38 day old broiler (meat) chickens in caged systems

Our undercover investigator reveals the secret suffering of caged meat chickens



Exposing the suffering endured by caged meat chickens is not easy. Gaining access takes lots of planning and persuasion. Once inside, we were horrified by what we saw

You can’t just walk into an industrial chicken farm.

To get inside, you need to work out which farming methods are used where, decide which locations to focus on, and then work on being invited on to the farms to film.

Our goal was to document the suffering we see in these systems so we could use the information gathered to help create large-scale change through our new campaign, Change for chickens.

It was a long, difficult challenge where lots of things changed quickly. The one constant was the horrendous suffering endured by the chickens at every farm we visited.

Extreme suffering in caged farming systems

We visited cage farms in a non-European country. Each location kept between 75,000 – 85,000 birds. There were around 130 animals in each cage, aged between 10 and 43 days.

We filmed birds with bare, red raw skin sores from sitting on the hard plastic flooring in the cages. Some were forced by the confined space to stand on the swollen and rotting carcasses of their dead cage-mates. In some cases, dead chickens hung from outside the cages. There were even decaying bodies lying on the manure conveyor belt which goes underneath the cages to collect the faeces as it drops through the hard gridded floor.

The noise of the birds, vents and fans, and the horrendous smell of the chickens’ waste is overwhelming. Conditions were so harrowing one of the team almost vomited, saying it was the worst animal suffering they had ever seen.

At one location there was a 100-metre-long warehouse flanked on either side by dark, barren cages three storeys high. We were told around 60 birds died every day.

Half of the birds had gone for early slaughter, so the cages at the top were empty, except for one lonely live bird. The birds in the cages below waited to follow the others to slaughter.

What we witnessed was pitilessly efficient - the automated systems take care of manure, ventilation, food and water - but they are neither clean nor humane.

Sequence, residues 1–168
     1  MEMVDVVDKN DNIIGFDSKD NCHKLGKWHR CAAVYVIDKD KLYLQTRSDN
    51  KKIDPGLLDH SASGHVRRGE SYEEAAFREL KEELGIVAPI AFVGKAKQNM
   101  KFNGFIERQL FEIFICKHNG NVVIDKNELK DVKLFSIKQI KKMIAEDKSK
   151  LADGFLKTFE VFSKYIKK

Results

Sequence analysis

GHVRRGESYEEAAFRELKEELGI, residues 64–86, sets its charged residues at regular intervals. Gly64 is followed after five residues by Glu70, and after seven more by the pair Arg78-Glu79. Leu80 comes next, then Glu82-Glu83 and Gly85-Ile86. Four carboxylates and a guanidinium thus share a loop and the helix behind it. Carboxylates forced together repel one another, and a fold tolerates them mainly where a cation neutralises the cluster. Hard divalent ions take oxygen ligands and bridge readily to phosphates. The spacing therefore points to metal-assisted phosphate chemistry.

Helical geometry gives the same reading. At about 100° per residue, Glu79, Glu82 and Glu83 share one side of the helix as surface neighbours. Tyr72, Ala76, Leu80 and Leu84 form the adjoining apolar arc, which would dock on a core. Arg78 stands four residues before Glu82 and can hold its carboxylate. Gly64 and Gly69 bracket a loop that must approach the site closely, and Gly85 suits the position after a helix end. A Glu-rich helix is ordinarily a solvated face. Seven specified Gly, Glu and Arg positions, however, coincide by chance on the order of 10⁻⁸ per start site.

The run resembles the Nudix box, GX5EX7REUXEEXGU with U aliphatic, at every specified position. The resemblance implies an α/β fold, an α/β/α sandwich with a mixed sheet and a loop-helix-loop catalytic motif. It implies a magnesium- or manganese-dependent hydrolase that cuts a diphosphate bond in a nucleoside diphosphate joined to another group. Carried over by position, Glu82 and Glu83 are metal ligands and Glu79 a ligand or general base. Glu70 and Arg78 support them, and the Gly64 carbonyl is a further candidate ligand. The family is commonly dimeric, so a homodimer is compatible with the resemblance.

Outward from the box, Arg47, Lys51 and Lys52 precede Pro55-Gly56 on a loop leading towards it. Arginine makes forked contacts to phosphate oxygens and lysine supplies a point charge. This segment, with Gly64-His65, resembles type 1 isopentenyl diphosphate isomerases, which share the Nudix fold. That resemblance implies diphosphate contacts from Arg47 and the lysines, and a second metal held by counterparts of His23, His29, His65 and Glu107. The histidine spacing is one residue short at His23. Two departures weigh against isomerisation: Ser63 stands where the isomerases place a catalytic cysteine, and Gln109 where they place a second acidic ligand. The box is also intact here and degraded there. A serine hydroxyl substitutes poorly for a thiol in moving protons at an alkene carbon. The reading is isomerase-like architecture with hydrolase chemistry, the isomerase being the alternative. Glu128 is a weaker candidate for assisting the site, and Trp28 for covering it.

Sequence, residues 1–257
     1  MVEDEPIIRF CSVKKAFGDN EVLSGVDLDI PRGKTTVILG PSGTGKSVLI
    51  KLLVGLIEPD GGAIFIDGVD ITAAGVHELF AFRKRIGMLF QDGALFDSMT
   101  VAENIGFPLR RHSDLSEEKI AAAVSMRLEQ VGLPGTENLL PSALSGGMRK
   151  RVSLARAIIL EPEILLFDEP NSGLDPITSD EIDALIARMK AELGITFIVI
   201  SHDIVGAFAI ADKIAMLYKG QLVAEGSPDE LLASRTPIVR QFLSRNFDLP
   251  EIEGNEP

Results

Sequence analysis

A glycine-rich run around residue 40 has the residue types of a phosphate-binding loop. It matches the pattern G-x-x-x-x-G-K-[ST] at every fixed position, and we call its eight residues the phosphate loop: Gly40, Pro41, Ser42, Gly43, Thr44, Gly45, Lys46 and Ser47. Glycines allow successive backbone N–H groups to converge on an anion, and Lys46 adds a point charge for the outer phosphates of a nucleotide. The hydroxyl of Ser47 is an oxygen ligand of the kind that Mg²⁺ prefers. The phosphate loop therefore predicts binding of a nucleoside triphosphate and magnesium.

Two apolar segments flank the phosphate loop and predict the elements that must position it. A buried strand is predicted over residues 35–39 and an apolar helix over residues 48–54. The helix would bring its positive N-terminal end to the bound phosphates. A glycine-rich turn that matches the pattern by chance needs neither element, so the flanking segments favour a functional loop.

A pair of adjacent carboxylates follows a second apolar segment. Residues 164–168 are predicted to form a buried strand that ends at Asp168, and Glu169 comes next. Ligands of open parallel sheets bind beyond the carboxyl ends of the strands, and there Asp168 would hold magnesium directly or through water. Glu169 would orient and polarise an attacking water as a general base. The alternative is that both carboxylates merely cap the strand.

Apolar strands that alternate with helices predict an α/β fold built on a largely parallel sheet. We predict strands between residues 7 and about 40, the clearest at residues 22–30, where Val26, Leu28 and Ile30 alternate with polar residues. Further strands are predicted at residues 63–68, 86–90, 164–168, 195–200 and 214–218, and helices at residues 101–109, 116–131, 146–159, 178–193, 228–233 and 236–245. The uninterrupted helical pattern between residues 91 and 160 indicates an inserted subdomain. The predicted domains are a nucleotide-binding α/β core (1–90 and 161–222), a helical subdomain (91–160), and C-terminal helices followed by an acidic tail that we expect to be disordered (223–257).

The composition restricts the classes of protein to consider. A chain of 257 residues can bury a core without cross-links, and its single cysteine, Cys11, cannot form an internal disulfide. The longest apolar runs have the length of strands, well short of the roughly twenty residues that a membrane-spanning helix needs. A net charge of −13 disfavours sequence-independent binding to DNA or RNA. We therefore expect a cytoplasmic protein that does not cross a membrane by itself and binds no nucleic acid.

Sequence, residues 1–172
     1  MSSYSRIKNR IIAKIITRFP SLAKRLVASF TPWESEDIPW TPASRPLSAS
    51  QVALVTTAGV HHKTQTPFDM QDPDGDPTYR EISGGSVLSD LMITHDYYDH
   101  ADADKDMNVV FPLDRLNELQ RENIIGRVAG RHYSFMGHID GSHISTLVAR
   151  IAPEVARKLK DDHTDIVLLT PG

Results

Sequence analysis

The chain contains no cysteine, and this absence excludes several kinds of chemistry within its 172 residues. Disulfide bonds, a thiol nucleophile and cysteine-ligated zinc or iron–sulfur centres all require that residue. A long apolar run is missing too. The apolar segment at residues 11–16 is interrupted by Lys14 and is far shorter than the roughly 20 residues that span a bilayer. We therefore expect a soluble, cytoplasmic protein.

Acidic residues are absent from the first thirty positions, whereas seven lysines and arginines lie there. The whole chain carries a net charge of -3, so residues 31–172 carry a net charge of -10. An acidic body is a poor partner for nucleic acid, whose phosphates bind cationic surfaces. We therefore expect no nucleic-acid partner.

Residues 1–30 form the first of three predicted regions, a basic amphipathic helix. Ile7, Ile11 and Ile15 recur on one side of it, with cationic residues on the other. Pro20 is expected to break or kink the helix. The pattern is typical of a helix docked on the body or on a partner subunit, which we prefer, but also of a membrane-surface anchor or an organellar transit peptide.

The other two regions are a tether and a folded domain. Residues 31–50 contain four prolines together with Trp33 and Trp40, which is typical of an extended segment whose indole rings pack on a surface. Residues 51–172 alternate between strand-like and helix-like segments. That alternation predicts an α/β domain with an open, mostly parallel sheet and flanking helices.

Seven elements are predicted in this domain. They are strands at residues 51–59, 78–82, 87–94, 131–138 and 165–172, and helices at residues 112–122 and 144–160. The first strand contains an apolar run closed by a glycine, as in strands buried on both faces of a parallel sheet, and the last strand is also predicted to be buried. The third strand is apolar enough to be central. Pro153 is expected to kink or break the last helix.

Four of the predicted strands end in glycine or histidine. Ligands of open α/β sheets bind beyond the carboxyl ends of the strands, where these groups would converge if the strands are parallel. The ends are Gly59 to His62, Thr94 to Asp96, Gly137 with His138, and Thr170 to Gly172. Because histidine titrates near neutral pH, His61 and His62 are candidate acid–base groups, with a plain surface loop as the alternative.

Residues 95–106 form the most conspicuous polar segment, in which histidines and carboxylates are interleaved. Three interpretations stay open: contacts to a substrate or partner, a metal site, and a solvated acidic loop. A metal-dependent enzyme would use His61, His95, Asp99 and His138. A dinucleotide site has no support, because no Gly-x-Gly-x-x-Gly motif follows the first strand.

All three caged farms we visited were contracted to two large poultry producers - one was trying to access the European Union consumer market.

Why we need to act now

While these cage systems are not permitted in the European Union (EU), many countries, including Turkey, Russia and China, use cages to farm chickens for their meat. Although not being allowed in the EU, European companies such as Big Dutchman are still manufacturing them for sale and promoting them in countries where they are permitted.  

We’re concerned that the use of cages in countries where they are not banned will only grow as companies fight to produce more and more chickens faster and cheaper.

Because of the severe suffering that chickens endure in cages, we believe these farming systems have no place in farming.

Even if you live in a country that doesn’t use cages, this is a global problem, which we can change. We can stop this from spreading. 

McDonald’s have already told us that it does not use meat chickens from caged systems.

If McDonald’s can go cage-free, why can’t KFC, Burger King, Pizza Hut, Domino’s, Starbucks, Nando’s and Subway?

We can stop the spread of caged systems now. Sign our petition now and urge these iconic food brands to keep caged chicken meat off the menu.

Please note: This first-hand account has been written by one of our investigators. Due to the risks involved in exposing the conditions on these farms, we have chosen to protect their identity.

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